That is the Franklin developed in the last three chapters. "Becoming a Patriot" begins with the Stamp Act and Franklin's reaction to it, tracing the series of events that forced him to the cause of revolution after a last attempt to save the Empire in which he believed. By the time Franklin returns to the United States and begins the stage of "Becoming a Diplomat," he has become too American in England and too English in America, so it is not surprising that it is the French for whom he becomes "the symbolic American." "Becoming an American," Woods final chapter, covers Franklin's return to America, and his death. What followed was not only his apotheosis, as the greatest American president never to be president to use one common phrase, but also the deification of Franklin as the self-made businessman. In the end Wood wants to comment on the Myth of American Nationhood, and my one disappointment in the book is that he does not spend more time on the changes in Franklin's popular image following his death; I was expecting there to be an entire chapter devoted to that as well, although Wood does point out the bits and pieces of key elements as he goes along.
Gordon Wood is a Professor of History at Brown University and one of the foremost national scholars on the American Revolution. In 1991 his book, "The Radicalism of the American Revolution," won the Pulitzer Prize and is considered one of the definitive works on the social, political, and economic consequences of the Revolutionary War. The book essentially argues how the American Revolution transformed a society that was essentially feudal (think about it) into a democratic society that actually confounded and disappointed the Founding Fathers. Of course what most Americans know about Gordon Wood is that he has written about the pre-Revolutionary utopia and the capital forming effects of military mobilization and that Vickers believes that Wood drastically underestimates the impact of social distinctions predicated upon wealth, especially inherited wealth ("Work in Essex County", page 98, right?).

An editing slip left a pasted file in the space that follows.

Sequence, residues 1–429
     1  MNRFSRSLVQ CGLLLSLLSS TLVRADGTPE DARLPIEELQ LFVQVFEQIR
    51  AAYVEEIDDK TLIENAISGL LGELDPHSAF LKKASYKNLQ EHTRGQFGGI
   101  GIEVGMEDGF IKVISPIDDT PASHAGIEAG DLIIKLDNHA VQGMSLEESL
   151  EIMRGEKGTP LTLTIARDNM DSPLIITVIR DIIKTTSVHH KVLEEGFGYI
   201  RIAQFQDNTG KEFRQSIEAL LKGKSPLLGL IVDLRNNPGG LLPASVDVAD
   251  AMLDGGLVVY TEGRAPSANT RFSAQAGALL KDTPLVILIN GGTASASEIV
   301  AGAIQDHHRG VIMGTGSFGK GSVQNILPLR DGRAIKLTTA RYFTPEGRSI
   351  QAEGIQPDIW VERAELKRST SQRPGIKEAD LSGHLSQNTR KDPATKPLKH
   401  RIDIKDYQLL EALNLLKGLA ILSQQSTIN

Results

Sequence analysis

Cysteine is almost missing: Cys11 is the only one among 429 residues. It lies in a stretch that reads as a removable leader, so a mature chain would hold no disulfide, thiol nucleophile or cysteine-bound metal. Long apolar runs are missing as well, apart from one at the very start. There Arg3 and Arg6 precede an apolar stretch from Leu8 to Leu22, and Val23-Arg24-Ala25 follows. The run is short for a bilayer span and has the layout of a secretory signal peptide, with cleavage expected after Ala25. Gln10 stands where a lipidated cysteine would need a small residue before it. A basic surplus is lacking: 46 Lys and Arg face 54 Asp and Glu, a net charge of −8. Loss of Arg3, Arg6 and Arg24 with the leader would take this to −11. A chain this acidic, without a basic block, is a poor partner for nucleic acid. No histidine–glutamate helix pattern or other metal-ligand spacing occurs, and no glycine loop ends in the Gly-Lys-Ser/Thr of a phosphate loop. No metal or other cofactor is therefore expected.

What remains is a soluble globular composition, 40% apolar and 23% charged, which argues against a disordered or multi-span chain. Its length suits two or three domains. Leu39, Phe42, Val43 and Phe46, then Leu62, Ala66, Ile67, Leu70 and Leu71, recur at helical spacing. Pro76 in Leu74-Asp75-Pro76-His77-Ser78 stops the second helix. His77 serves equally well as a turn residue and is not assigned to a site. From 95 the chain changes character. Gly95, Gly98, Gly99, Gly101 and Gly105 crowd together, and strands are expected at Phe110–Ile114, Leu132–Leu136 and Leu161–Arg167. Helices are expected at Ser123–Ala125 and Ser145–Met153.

"The Americanization of Benjamin Franklin" is the sort of history case study of which I am most interested at this point. I already know the basic biography of Franklin and in recent years the only new bit that I have really picked up was that both he and Jefferson spoke atrocious French and that Franklin was apparently unaware of it (or used it to his advantage in his "American" persona while in Paris). Wood's starting point is actually today, the image of Franklin in the popular mind, and then going back and showing not only how this image came to be but also how it diverges from the historical record. This image of Franklin is not "true," but it is "real," and Wood's volume does not expose its falsity as much as it explains why in looking backwards different generations of Americans have seen Franklin through the eyes of their own times. Most of the illustrations in the volume consist of portraits of Franklin, done after he became a gentleman, and which provide visual evidence of his transformations; certainly there are few figures in American history whose lives are so aptly captured in such a fashion.